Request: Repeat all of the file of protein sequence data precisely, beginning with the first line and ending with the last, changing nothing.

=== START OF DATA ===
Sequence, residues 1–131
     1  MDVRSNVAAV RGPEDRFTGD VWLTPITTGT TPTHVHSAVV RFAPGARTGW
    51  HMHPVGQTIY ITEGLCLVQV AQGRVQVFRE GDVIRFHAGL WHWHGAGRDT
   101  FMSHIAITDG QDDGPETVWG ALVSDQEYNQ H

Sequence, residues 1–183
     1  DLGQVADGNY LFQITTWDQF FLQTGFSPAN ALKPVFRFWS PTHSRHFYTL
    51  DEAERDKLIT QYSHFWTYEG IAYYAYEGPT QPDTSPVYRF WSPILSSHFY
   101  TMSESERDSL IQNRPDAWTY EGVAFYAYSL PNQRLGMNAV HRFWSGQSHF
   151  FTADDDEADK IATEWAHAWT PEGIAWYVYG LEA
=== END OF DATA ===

Sequence, residues 1–131
     1  MDVRSNVAAV RGPEDRFTGD VWLTPITTGT TPTHVHSAVV RFAPGARTGW
    51  HMHPVGQTIY ITEGLCLVQV AQGRVQVFRE GDVIRFHAGL WHWHGAGRDT
   101  FMSHIAITDG QDDGPETVWG ALVSDQEYNQ H

Sequence, residues 1–183
     1  DLGQVADGNY LFQITTWDQF FLQTGFSPAN ALKPVFRFWS PTHSRHFYTL
    51  DEAERDKLIT QYSHFWTYEG IAYYAYEGPT QPDTSPVYRF WSPILSSHFY
   101  TMSESERDSL IQNRPDAWTY EGVAFYAYSL PNQRLGMNAV HRFWSGQSHF
   151  FTADDDEADK IATEWAHAWT PEGIAWYVYG LEA